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CPSU Member Recipe
THIS week’s recipe is from DPAC Delegate Diana Darcy and is called crocodile soup and, as you’d imagine, it comes with a back story.
We’d love you to share yours too. Simply email the recipe, why you love it and a photo to firstname.lastname@example.org . If we get enough, we hope to publish these at the end of the year.
See the recipe below.
Crocodile (Frikadel) Soup
From Department of Premier and Cabinet Delegate Diana Darcy
This makes a large family meal with leftovers, or can be halved, and is great served with salt and pepper and fresh bread with butter.
1kg of mince – any type but usually beef
1 large onion diced
3 large carrots diced
6 large potatoes cubed
1 tablespoon of Worcestershire sauce
2 tablespoons of tomato sauce
3-4 litres of beef stock or 3 heaped teaspoons of powdered stock
Salt and pepper to taste
Add water onion, carrot and potato to a large pot and bring to boil. While waiting mix mince, Worcestershire sauce, tomato sauce and salt and pepper and mould into 2cm diameter meatballs. When the water is boiling drop the meatballs in one at a time, ensuring the water stays on the boil. Reduce heat and simmer for about 30 minutes with the lid on or until potatoes and carrots are well cooked. It can be eaten as is with salt and pepper or thickened by mashing a few of the potatoes or adding few tablespoons of breakfast delight.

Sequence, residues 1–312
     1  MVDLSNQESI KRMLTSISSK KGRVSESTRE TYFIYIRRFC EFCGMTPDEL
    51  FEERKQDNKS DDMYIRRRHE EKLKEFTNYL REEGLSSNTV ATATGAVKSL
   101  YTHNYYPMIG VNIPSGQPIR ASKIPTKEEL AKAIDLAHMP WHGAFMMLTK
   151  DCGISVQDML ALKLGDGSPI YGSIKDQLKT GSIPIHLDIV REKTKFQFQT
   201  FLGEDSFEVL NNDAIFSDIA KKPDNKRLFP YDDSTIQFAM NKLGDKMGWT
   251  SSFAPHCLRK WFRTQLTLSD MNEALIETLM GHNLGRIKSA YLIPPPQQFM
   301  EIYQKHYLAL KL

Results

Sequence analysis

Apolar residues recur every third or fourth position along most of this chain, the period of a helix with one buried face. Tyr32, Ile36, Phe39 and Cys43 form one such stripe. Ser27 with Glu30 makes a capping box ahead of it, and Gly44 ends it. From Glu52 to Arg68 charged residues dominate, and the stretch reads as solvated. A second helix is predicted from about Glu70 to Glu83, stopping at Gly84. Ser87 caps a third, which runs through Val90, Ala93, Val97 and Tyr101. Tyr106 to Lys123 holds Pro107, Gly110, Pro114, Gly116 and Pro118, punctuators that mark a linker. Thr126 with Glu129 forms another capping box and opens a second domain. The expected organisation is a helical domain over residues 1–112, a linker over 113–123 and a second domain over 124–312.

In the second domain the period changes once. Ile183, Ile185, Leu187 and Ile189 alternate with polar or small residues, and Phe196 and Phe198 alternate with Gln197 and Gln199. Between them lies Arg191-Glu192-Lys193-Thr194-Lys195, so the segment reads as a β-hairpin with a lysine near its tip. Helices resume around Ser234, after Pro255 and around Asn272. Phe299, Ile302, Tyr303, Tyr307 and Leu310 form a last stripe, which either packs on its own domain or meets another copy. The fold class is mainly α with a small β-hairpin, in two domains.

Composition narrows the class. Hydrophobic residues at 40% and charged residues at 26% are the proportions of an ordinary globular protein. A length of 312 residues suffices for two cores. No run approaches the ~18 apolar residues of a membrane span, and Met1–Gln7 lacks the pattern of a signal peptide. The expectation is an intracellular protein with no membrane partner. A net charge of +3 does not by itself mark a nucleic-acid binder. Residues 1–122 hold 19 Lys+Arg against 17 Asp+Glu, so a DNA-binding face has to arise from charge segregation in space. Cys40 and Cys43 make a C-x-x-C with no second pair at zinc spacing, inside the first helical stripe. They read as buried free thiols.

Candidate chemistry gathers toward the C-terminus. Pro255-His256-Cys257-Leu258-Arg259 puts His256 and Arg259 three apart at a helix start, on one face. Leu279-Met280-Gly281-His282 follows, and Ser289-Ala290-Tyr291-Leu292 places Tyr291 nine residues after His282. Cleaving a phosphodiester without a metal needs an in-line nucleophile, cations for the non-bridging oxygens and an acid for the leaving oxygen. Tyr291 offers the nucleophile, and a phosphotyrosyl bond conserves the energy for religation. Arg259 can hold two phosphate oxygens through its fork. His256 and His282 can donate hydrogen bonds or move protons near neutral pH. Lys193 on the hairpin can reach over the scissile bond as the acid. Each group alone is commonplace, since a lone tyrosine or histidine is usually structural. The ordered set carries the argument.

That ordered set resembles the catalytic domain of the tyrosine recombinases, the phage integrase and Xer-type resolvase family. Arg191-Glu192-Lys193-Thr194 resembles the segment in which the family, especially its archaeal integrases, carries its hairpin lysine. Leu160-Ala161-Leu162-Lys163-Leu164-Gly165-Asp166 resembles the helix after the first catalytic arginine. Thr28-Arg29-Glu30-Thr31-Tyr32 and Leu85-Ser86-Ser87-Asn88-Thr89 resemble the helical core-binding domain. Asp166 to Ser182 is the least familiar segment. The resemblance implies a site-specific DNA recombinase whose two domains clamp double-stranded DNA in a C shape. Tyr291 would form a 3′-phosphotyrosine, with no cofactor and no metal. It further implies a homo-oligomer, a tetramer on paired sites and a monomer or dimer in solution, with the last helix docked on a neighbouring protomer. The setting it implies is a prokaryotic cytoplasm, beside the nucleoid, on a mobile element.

“This soup recipe was handed down from my grandmother Emma who first made it in Riga, Latvia before World War Two. It’s called Frikadel Soup but it is fondly known in our family as Crocodile Soup as my siblings, cousins and I couldn’t pronounce the Latvian word Frikadel when we were little. It’s a family favourite my dad Arnold’s side of the family still make on a regular basis, and my kids love it.
It became a popular meal during WW2 when my dad, his siblings Valija and Zigrida, his parents and other family members left Latvia in 1944 by horse and cart. My grandfather Voldemars was visited by members of the German army and told that if he didn’t join the army he would be killed. He was a highly qualified butcher, smallgoods expert and meat inspector and didn’t want to join the army so fled in the middle of the night before the Germans returned the next day to collect him.
My dad remembers that mince was easy to come by at times, and my grandmother was creative when preparing food. Voldemar’s skills as a butcher came in handy during their tough journey across Europe as displaced refugees as he was able to catch wild game and Emma made the soup, using melted snow and any ingredients they could find, in make-shift kitchens, refuges and concentration camps, family barracks and abandoned houses in Germany, Poland and other European countries.
At one stage, when things were really bad and food and shelter were scarce, my dad remembers eating raw onions his father stole just to survive. He’s now 75 and says he’ll never forget this experience and how cold it was in Europe during winter, and often wonders how they survived. He feels very lucky to have been accepted by Australia as a refugee. They boarded the “Fair Sea” and arrived in Australia on January 1 1950 to start a new life. Dad and his family grew up and attended school on Bruny Island before moving to Bellerive. He also remembers, as a young boy being told that Australia was the ‘lucky country’!”